Your feedback is important to us!
We invite all our readers to share with us their views and comments about this article.
Disclaimer: Comments submitted by third parties on this site are the sole responsibility of the individual(s) whose content is submitted. The Daily Star accepts no responsibility for the content of comment(s), including, without limitation, any error, omission or inaccuracy therein. Please note that your email address will NOT appear on the site.
Alert: If you are facing problems with posting comments, please note that you must verify your email with Disqus prior to posting a comment. follow this link to make sure your account meets the requirements. (http://bit.ly/vDisqus)
Last month, national governments and other donors pledged $1.2 billion to help carry the 30-year fight to eradicate polio over the finish line.One factor – the role of female vaccinators – will be a critical determinant of success.Women have long been on the front lines of the global effort to end polio. In places like the tribal areas of Pakistan, male vaccinators are often not allowed to enter a stranger's home, whereas female health workers can deliver the vaccine to vulnerable children, along with other routine immunizations and basic health services.In 2015, I traveled to neighboring India to take part in a national immunization campaign, joining an all-female team of health workers assigned to administer the polio vaccine to children in an impoverished part of New Delhi. I accompanied a local health worker, Deepika, on my crutches, as I have been crippled by polio myself.Where polio still persists – in Pakistan, Afghanistan, and Nigeria – vaccinators like Deepika work tirelessly to reach every child.Nearly 62 percent of vaccinators in Nigeria are women. In Pakistan, the proportion of female vaccinators is 58 percent, and 30 percent in Afghanistan.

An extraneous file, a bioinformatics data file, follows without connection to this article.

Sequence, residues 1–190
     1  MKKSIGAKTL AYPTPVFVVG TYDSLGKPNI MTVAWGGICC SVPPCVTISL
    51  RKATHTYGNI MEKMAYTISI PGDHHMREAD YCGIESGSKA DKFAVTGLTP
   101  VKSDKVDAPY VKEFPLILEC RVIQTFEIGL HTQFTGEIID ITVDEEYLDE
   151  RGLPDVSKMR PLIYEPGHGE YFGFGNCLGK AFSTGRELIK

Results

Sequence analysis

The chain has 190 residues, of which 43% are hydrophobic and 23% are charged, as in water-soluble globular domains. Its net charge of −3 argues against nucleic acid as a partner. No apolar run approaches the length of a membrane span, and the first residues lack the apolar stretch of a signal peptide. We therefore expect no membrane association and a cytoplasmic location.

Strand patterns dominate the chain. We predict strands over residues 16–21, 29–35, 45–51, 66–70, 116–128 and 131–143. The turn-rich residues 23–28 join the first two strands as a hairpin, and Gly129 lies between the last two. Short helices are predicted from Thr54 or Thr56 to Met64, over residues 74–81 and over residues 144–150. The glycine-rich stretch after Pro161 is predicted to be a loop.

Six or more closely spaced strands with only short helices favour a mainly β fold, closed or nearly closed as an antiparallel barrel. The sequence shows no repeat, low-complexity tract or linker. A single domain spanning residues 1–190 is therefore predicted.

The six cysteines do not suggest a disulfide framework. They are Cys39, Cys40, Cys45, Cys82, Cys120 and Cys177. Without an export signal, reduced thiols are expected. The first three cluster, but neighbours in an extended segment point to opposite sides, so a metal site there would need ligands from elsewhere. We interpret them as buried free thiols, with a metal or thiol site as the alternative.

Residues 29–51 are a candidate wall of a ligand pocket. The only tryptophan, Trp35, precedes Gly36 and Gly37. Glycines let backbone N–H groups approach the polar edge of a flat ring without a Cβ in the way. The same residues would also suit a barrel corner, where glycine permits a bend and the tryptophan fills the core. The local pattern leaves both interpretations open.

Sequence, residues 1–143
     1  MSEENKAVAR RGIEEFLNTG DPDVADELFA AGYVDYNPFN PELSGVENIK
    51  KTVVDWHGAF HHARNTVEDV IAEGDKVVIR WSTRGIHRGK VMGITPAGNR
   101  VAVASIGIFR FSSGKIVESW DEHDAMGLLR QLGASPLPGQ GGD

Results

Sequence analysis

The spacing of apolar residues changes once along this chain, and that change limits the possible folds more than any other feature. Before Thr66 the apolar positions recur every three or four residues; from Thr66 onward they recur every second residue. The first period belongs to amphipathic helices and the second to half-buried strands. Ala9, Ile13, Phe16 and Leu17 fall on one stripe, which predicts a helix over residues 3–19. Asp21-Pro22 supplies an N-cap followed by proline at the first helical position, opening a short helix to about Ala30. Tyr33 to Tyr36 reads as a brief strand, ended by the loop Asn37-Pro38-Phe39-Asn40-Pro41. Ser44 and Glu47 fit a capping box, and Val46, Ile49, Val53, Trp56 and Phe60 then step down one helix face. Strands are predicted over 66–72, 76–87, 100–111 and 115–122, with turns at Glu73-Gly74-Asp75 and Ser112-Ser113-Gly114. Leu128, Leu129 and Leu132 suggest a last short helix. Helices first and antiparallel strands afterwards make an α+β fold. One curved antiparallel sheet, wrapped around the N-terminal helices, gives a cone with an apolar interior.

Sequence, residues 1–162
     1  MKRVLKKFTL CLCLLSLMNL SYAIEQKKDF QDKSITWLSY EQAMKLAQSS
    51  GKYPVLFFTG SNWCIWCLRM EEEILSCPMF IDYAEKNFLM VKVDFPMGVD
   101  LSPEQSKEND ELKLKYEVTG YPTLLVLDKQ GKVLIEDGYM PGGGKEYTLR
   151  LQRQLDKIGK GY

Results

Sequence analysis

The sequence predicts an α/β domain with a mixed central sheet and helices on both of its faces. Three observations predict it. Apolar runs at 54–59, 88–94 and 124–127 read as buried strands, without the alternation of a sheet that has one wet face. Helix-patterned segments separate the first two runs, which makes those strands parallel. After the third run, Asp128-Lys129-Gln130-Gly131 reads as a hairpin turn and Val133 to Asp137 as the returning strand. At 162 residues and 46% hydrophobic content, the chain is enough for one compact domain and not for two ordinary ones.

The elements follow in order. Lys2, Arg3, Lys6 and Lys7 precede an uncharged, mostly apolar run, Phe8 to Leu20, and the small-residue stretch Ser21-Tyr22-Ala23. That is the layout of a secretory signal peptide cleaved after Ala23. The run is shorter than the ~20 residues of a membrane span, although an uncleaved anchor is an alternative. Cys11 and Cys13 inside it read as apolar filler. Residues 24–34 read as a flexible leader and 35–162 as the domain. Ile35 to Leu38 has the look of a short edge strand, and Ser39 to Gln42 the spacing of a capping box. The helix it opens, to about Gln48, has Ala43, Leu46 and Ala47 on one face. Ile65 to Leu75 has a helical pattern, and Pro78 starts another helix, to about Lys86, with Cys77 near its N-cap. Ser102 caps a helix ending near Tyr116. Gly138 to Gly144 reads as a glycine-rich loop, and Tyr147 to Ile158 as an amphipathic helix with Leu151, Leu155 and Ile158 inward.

FOLLOW THIS ARTICLE